When my own adult daughter was being assessed by the Tavistock Gender Clinic, one of the key issues they wanted to stress was that she understood her legal protection under the Equality Act 2010 to use female toilets as they themselves had experienced so many trans women unable to ever use public toilets when away from home and had inflicted serious internal damage on themselves. So even though the law is clear, there is so much misinformation and lies spread online that a high number of trans women are simply unable to live a normal life without the availability of Unisex facilities where they know their presence will not be questioned by other users.
It is very clear there is a genuine and justifiable humane need for Unisex facilities if required by any trans women, trans men or those who identify as non-binary.
But could Unisex toilets impact women’s safety?
The argument that those Gender Critical (GC) uses against GRA ReformGRA Reform Gender Recognition Reform Bill - Scotland https://www.gov.scot/news/gender-recognition-reform-bill/ Published 03 March 2022 09:34 Part of Equality and rights Simplifying how trans people apply for a Gender Recognition Certificate. See Also https://mermaidsuk.org.uk/mermaids-manifesto-for-gra-reform/ https://www.stonewall.org.uk/what-does-uk-government-announcement-gender-recognition-act-mean (often referred to as Self ID by those GC) is the totally unsubstantiated lie that this would enable predatory cisgender men easier access into female spaces. The truth is that the level of danger does not alter in any way, and we have totally debunked and rejected these claims that are simply not based on truth, facts or evidence.
But what about Unisex facilities?
In this case there is belief that women do genuinely face potentially increased levels of danger. Data obtained through a Freedom of Information requestFOIR How to make a freedom of information (FOI) request You have the right to ask to see recorded information held by public authorities. https://www.gov.uk/make-a-freedom-of-information-request by the Sunday Times in this article suggests that unisex changing rooms are more dangerous for women and girls than gender appropriate facilities. This may be just one article claim, but it is not unreasonable to understand that if cisgender men are able to use Unisex facilities, then it is unquestionable that this includes predatory men that are having access. Unlike the disingenuous claims made about an invented threat in Gender Appropriate Spaces, this threat is genuine to both cisgender and transgender women. Predatory cis men would need to make a premeditated choice to enter a women’s toilet with intent to commit a crime, but Unisex toilets would give access to cis men who might not have entered with any ill intention, but it’s not unreasonable to believe a cis man of that nature could see an opportunity and act upon it. This is a threat that we do not believe we should simply dismiss.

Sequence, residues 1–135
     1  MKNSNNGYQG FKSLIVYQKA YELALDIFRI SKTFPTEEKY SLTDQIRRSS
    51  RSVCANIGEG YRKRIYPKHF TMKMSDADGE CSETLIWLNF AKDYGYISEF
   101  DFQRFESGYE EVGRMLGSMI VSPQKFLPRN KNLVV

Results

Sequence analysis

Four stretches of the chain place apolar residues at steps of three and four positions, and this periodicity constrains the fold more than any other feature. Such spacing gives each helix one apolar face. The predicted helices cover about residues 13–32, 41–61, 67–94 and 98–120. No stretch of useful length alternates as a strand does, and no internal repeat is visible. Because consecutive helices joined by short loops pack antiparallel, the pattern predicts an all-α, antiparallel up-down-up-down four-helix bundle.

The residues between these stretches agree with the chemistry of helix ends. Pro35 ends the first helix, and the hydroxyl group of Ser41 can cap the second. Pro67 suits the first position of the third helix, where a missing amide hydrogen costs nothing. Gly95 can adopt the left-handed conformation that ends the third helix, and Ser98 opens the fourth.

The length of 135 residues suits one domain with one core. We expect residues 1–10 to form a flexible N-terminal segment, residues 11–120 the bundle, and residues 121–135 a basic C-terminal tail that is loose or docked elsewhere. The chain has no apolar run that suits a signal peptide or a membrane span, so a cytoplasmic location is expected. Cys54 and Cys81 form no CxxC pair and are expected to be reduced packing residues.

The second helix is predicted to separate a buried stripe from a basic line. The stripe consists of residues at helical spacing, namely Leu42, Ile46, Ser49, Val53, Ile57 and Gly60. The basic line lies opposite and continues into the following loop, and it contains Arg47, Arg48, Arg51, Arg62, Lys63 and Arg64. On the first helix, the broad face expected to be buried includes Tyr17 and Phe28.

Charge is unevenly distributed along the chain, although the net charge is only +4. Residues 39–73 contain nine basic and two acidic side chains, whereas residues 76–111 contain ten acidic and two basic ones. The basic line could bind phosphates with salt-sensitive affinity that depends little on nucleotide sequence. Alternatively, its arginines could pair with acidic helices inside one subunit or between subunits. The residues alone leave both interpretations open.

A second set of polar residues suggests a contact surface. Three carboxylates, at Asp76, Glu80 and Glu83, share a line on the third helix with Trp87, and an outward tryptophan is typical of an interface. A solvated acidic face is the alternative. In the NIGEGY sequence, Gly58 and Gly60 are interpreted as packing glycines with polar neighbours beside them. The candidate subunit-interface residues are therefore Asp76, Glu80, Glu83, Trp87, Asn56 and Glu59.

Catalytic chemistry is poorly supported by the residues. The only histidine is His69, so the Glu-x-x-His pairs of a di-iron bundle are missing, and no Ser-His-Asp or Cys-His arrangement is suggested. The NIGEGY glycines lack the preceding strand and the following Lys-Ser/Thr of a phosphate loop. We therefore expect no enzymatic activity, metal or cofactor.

I myself have experienced entering a Unisex toilet to be confronted by a lone woman just leaving. As I entered and our eyes met, it struck me the registering of fear in her eyes in the situation she encountered, knowing she was alone in a secluded place with an unknown man. As we repeatedly have stated, trans women are not a danger, but cisgender men are a genuine danger, and it was clear that my using a Unisex facility had caused a woman distress. It should be noted that there were only Unisex facilities in this location.
It is, therefore, clear to us that Unisex facilities increase the risk to women and can cause heightened levels of concern.
For these reasons, TransLucent.Org.UK takes the following feminist stance:
Our position is that four separate public toilet facilities should be provided: Female, Male (if the toilet contains urinals), Unisex and Disabled. As a separate safeguarding measure, we also campaign that all changing room doors should be lockable.
Unisex facilities are needed to ensure the health and safety of trans women who require them along with non-binary people, and Female toilets are needed to ensure the safety of both cisgender and trans women who need the provision of gender-assigned facilities that are not used by cis men. Where there is a Unisex toilet, a female toilet is also needed in the same locality, and visa versa.
Unlike those Gender Critical organisations, we do not believe that the rights of one demographic should be considered greater than another, and where there is a genuine overlap, both groups need a fair and safe solution. So to be clear, our position is that trans women are never subjected to any blanket bans or segregation and they must have the choice of whichever toilet is their individual preference. Trans & cis women and those non binary need the option of both Single Sex and Unisex toilets to ensure they have access to the one they are happy to use. We know that those Gender Critical will always have issue with any arrangement that allows trans women to use female spaces and they are never going to accept any arrangement we propose, but the law does not support their position and they have no legal right to harass or try to prevent trans women using any toilet facility. There may not be a solution that resolves every possible issue, but we believe our position provides for spaces that meet the needs of all those transgender whilst not impacting on any understandable claims of safety that women need in safeguarding from cis male predators.
When awareness was first raised that separate Disabled facilities were needed, the provision did not happen overnight, and we accept that this position will also take time to achieve – but the inability to achieve this immediately shouldn’t be a reason to not now campaign for four separate toilet facilities to become the acceptable norm.
TransLucent Policy Statement article by Paul